It is disgusting that American soldiers would commit such acts, but in all honesty, it is not surprising.  First, American culture glamorizes violence to the point that consumers of media often become desensitized.  You can see this in video games, television, music videos, etc.  Second, masculinity is associated with dominance and power.  One way to maintain an image of masculinity is by exerting power and dominance in a hypermasculine manner, i.e. violence.  Lastly, military training strategically desensitizes soldiers to putting others in pain (To read more about these issues, read my blog on child soldiers and military culture.)

Although I believe that being a prison guard in such a morbid environment did intensify the violence, I feel that the situation would have been much different if violence was not so tolerated by society in everyday life.  As we have seen before with the Milgram studies, people are likely to commit certain actions if they are told to do so by their superiors.  Some American soldiers that were being prosecuted for the rimes they committed against prisoners in Abu Ghraib claim that they were acting according to military orders.  Hersh says, “Myers, who was one of the military defense attorneys in the My Lai prosecutions of the nineteen-seventies, told me that his client’s defense will be that he was carrying out the orders of his superiors and, in particular, the directions of military intelligence. He said, ‘Do you really think a group of kids from rural Virginia decided to do this on their own? Decided that the best way to embarrass Arabs and make them talk was to have them walk around nude?’”  Looking at reports about prison systems during war from the past indicate that military abuse is common in these settings.  This system obviously needed to be reformed, but that has not happened yet.  Even if the arguments by these soldiers are true, it assumes that soldiers have no control over themselves and their actions.  These perpetrators need to take accountability for their actions instead of passing the blame onto their commanders.  Both parties played a role in these human rights violations, whether directly or indirectly, and they should all be held equally accountable; being a bystander is just as serious an offense as committing the crime.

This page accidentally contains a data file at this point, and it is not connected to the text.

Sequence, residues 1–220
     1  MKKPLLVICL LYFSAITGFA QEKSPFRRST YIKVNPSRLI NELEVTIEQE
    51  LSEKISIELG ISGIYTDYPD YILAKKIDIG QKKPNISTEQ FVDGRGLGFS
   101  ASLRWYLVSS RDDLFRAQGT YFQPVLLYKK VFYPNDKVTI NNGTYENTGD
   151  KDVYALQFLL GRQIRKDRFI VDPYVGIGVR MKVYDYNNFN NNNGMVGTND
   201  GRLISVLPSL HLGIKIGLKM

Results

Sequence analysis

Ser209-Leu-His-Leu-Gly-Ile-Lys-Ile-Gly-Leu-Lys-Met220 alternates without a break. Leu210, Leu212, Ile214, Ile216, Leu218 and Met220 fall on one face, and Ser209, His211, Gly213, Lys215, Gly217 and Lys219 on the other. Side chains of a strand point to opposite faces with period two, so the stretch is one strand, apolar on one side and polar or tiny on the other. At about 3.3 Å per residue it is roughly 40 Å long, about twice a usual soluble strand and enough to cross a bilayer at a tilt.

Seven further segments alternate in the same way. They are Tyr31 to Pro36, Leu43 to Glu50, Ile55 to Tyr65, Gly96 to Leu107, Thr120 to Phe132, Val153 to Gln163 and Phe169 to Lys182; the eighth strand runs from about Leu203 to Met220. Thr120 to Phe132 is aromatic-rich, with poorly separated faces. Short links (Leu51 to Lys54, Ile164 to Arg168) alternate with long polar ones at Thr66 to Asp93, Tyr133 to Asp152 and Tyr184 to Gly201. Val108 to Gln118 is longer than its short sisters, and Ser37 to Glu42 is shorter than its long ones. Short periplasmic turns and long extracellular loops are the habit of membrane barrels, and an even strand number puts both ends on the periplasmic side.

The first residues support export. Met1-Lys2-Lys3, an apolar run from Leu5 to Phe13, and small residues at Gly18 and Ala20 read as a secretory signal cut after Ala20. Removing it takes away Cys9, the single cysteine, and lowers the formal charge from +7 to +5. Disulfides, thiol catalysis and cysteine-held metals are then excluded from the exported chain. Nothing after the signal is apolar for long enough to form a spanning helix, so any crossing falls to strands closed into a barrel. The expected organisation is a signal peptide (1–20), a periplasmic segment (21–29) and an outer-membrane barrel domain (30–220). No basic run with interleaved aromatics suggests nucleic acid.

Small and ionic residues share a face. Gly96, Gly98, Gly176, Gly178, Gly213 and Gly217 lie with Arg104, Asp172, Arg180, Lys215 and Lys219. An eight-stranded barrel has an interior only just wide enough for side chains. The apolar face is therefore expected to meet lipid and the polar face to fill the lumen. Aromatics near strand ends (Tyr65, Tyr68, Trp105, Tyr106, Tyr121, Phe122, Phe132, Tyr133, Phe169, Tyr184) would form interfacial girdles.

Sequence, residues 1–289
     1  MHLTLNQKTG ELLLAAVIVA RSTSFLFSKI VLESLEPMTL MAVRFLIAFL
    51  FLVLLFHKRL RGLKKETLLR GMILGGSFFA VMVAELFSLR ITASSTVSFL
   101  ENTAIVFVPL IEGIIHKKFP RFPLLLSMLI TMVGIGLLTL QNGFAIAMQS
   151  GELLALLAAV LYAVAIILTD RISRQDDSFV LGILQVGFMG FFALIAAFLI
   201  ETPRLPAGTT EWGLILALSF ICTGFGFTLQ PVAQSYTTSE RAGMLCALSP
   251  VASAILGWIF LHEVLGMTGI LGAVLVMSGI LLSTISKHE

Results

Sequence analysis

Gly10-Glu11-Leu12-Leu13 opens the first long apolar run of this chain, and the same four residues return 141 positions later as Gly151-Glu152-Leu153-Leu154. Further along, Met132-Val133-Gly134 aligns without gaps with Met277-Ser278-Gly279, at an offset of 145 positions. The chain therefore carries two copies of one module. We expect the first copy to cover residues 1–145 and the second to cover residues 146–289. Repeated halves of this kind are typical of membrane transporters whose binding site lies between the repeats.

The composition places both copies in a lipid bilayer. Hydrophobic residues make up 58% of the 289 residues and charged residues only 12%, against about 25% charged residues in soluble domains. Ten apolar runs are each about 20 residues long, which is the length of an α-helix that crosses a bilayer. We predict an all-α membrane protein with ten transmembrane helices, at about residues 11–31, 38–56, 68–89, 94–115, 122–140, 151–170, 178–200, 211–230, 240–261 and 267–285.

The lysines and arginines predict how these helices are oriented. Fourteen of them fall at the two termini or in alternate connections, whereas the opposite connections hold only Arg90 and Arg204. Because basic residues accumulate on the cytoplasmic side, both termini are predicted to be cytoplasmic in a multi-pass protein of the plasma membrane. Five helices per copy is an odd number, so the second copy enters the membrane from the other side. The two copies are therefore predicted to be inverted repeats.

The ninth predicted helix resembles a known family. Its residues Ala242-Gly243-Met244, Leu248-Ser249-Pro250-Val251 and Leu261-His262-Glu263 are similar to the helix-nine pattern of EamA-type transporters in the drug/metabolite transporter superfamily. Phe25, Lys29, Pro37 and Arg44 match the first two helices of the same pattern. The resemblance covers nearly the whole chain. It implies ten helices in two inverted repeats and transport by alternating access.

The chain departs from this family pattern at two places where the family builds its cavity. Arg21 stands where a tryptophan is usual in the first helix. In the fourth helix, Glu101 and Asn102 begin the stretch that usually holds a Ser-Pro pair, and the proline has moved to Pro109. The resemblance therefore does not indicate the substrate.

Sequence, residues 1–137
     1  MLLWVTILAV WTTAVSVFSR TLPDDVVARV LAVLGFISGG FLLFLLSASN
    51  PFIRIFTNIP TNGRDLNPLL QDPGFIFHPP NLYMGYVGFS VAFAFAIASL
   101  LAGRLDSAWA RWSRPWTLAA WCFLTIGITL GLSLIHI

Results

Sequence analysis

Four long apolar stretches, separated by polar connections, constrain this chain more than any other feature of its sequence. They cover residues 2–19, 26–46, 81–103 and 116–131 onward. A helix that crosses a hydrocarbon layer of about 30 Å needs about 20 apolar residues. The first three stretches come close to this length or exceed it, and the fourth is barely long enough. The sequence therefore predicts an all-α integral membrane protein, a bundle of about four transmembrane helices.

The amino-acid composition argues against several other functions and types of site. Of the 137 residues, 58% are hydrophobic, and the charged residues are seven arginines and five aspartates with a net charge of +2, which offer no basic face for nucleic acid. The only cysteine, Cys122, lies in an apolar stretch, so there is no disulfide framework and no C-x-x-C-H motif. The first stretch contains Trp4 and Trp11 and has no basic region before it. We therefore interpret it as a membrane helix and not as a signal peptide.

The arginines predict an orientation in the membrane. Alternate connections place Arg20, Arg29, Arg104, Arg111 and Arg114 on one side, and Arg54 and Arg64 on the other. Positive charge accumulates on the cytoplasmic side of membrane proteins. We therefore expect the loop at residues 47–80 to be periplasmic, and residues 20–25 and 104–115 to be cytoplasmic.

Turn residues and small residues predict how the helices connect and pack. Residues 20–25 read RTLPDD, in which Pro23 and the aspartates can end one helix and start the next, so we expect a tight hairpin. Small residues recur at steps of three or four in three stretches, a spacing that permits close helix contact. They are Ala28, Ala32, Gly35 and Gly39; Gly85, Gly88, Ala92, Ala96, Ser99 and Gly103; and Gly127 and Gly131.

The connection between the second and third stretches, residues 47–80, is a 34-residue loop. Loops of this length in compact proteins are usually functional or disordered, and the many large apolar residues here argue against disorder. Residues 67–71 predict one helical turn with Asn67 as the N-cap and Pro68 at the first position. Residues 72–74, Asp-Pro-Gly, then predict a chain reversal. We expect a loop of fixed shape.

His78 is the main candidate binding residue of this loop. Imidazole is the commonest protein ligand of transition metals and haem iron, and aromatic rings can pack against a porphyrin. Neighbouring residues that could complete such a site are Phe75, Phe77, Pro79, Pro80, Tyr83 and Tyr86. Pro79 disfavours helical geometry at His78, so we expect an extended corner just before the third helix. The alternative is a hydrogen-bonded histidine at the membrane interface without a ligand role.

Had photos from inside the prison not been leaked to the public, we may have never heard about the abuses that were being committed.  Although the entire situation was absolutely horrible, I think it was crucial that photos were leaked to the public.  These images made it impossible for the United States to deny committing such abuses and exposed people to reality.  It infuriates me that the U.S. portrays itself as a model for others when it does not even meet the standards it sets up for others.  The United States preaches about democracy and basic freedoms, but does not enforce these ideals within the country’s own borders.  Abu Ghraib is just one example of how the United States violates human rights and tries to cover it up.  Also, I feel that these photos raised a lot of doubt in the minds of people who initially supported the war.  These photos turned the American public into bystanders because we were no longer oblivious to the atrocities that were happening in Iraq.